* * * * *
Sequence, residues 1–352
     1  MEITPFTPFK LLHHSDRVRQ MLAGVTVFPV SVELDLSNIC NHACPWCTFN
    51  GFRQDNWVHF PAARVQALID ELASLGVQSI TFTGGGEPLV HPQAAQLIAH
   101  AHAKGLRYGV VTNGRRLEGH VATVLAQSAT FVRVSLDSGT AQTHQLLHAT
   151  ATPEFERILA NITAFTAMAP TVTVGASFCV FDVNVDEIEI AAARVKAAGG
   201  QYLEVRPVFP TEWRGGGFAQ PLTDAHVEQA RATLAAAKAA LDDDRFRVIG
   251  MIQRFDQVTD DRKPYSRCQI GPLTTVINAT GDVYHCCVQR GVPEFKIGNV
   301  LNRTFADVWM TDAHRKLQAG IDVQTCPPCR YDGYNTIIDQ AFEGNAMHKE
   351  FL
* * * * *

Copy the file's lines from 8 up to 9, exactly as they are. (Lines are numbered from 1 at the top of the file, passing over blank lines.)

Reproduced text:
   301  LNRTFADVWM TDAHRKLQAG IDVQTCPPCR YDGYNTIIDQ AFEGNAMHKE
   351  FL